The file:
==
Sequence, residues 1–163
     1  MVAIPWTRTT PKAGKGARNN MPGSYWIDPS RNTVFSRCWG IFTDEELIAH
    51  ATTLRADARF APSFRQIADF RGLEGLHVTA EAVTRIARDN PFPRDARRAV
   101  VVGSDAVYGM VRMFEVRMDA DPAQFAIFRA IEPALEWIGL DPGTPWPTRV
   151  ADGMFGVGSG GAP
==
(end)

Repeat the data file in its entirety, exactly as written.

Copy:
Sequence, residues 1–163
     1  MVAIPWTRTT PKAGKGARNN MPGSYWIDPS RNTVFSRCWG IFTDEELIAH
    51  ATTLRADARF APSFRQIADF RGLEGLHVTA EAVTRIARDN PFPRDARRAV
   101  VVGSDAVYGM VRMFEVRMDA DPAQFAIFRA IEPALEWIGL DPGTPWPTRV
   151  ADGMFGVGSG GAP